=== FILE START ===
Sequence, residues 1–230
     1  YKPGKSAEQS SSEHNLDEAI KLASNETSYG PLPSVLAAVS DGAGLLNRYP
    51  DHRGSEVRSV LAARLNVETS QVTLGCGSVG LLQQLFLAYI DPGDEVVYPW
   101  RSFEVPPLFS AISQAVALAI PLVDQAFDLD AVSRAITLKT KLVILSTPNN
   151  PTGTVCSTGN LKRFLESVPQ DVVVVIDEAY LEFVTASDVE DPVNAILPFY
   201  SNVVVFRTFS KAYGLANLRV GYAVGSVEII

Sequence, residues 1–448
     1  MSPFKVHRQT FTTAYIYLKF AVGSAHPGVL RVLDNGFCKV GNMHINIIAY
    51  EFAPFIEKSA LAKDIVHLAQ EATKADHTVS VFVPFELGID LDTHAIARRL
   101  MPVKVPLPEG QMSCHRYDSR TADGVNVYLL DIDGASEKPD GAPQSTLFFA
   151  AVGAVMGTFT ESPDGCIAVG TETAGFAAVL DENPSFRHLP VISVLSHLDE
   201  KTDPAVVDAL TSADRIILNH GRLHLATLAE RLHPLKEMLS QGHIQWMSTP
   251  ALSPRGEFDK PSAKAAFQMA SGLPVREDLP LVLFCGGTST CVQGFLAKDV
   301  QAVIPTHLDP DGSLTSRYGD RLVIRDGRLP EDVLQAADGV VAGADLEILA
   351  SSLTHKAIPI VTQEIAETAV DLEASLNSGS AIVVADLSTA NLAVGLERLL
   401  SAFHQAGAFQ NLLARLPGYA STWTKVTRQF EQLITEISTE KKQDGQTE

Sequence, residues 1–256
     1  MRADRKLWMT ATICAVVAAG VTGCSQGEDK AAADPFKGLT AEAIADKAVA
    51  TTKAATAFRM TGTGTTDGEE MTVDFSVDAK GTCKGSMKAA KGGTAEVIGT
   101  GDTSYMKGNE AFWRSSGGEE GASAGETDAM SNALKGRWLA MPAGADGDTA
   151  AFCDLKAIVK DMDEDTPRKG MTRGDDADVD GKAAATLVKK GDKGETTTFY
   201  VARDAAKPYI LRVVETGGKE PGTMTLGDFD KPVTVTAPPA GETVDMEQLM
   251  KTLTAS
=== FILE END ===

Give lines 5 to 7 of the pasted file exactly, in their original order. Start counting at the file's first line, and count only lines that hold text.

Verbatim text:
   151  PTGTVCSTGN LKRFLESVPQ DVVVVIDEAY LEFVTASDVE DPVNAILPFY
   201  SNVVVFRTFS KAYGLANLRV GYAVGSVEII

Sequence, residues 1–448